Instead, the movie is an enjoyable, light-hearted look at the trials and tribulations, expectations and disappointments, hopes and fears, associated with contemporary relationships. It makes its points with a great deal of charm and steers away from the kind of plot contrivances that mar many other romantic comedies (even if the outcome is completely predictable from the start). It doesn’t have an axe to grind, it doesn’t outstay its welcome, and it features a clutch of winning performances that are ably directed by Vogel from Judith Goudsmit’s quirky screenplay.

But with all the attendant relationships given sufficient emphasis and focus, it’s still the connection between Daan and Katje that provides the most satisfaction. As played by Kenzari and van Doesburgh, the ways in which the pair spark off each other are delivered with such a sense of mutual fun that it’s hard not to be won over by them both (it helps that there’s a definite chemistry between them). Kenzari is the kind of actor whose soulful expression can speak volumes, while van Doesburgh has a subtle screen presence that the camera picks up on in every scene she’s in. As Daan and Katje circle round their feelings for each other, both actors take the opportunity to make the relationship entirely believable.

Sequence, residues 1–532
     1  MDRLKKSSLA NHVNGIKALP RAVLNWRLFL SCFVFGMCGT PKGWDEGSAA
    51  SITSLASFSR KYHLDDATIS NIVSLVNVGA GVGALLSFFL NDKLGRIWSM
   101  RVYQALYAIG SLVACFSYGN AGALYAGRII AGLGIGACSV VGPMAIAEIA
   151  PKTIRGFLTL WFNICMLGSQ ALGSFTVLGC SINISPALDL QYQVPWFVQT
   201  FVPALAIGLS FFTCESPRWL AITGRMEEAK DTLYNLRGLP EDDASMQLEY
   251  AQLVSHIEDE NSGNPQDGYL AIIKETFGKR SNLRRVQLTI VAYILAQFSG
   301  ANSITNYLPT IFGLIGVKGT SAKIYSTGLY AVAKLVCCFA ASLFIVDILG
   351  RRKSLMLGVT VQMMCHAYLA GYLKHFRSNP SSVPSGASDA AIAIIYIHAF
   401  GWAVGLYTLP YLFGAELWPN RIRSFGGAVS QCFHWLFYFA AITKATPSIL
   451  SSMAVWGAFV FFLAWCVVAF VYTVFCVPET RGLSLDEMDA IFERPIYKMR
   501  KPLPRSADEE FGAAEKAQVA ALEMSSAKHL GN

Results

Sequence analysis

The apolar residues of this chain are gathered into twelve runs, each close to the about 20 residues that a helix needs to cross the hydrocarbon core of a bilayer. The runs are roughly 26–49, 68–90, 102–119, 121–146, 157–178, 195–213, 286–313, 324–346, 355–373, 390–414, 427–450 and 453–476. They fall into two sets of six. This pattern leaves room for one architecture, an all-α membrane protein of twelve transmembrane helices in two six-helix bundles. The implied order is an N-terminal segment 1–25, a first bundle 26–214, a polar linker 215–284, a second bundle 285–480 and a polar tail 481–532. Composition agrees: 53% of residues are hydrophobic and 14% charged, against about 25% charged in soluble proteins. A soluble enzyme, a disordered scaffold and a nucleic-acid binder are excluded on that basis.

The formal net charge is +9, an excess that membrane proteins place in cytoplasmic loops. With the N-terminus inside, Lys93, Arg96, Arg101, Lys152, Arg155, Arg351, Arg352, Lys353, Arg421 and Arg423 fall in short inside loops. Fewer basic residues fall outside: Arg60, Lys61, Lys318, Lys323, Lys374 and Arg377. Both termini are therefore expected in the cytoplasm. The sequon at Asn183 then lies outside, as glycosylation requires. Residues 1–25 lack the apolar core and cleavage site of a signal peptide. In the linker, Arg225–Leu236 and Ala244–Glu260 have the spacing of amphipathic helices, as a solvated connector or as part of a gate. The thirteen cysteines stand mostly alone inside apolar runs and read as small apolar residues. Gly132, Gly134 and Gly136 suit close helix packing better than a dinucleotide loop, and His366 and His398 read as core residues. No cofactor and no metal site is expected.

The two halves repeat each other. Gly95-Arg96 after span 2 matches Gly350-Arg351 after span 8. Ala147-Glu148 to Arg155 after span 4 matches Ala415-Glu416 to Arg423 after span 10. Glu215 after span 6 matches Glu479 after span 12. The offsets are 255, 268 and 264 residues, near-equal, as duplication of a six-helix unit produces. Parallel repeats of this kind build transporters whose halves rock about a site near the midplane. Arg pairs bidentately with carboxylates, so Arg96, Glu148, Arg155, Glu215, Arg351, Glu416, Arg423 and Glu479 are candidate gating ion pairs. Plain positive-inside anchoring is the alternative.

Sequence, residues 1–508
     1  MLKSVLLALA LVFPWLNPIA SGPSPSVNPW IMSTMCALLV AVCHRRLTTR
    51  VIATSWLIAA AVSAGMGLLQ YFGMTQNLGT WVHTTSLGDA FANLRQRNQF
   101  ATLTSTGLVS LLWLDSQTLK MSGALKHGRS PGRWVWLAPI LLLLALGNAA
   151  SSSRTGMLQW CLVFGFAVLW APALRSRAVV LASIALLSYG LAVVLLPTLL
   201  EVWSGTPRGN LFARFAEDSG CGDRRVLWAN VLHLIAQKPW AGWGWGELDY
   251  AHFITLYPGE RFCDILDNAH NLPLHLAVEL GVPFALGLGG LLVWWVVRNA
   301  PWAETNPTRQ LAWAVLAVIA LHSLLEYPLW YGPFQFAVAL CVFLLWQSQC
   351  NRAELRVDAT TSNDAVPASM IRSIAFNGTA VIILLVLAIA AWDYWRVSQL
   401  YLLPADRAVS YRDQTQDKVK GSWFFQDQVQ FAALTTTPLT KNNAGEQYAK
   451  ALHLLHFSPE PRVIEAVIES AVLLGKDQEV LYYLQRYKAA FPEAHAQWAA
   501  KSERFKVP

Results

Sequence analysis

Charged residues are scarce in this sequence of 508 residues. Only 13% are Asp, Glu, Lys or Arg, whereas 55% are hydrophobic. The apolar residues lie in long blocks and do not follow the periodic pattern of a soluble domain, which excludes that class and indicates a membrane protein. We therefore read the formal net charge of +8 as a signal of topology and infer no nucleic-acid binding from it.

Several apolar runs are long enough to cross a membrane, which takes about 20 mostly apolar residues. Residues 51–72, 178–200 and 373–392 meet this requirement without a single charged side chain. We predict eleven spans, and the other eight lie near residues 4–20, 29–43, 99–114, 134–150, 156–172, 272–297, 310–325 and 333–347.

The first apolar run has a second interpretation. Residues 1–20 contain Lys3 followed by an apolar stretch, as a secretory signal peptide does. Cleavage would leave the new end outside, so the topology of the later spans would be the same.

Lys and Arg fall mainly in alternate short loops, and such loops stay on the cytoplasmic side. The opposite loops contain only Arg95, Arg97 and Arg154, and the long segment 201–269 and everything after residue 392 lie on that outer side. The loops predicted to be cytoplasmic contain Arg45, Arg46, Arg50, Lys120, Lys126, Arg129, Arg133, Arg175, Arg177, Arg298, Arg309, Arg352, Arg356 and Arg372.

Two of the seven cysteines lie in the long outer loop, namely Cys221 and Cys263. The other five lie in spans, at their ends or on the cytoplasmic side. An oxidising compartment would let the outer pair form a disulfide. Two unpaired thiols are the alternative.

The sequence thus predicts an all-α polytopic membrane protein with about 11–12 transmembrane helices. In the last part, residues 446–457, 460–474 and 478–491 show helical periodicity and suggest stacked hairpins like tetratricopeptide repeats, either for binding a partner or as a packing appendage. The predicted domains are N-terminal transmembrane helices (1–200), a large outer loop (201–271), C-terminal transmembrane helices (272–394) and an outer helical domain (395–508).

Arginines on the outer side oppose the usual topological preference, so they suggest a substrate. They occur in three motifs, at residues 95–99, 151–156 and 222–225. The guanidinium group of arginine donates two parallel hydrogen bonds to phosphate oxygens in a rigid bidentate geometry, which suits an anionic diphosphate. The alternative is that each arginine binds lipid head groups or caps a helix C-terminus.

They’re supported by a talented cast of character actors led by Gernandt as the borderline obnoxious ladies’ man Bas (aka the Choker), and Verbaan as the hilariously psychotic Mara (who tells Daan at one point he needs “destroying”). Koetje is appropriately winsome as Saar; Weeber and Sloot flesh out Jacob and Rein to the extent that they’re not the stereotypical gay couple they first seem to be; and as Katje’s less than intellectual assistants, Schreurs and Ravelli make for an appealingly funny double act.

Indeed, the movie’s sense of humour is one of its plusses, a lot of it arising from the characters themselves and their personalities, while the dialogue is dotted with moments of genuine wit and some glorious put-downs. Vogel – who also appears as Daan’s first date, Annabel – keeps things from getting too dramatic (which is to the movie’s advantage) and uses this to seduce the viewer into becoming invested in the various relationships and their outcomes. She’s aided by Ezra Reverda’s sterling camerawork, and a clever opening title sequence by Derk Elshof, Benno Nieuwstraten and Sietse van den Broek that features cast and crew names as part of the street’s window displays.

Rating: 8/10 – although there are times when Hartenstraat seems impossibly lightweight and seems to invite ridicule for its approach to its own storyline, nevertheless it’s a carefree, hugely enjoyable piece of “fluff”; full to the brim with moments that bring a smile to the viewer’s face, it’s the very epitome of a pleasant distraction.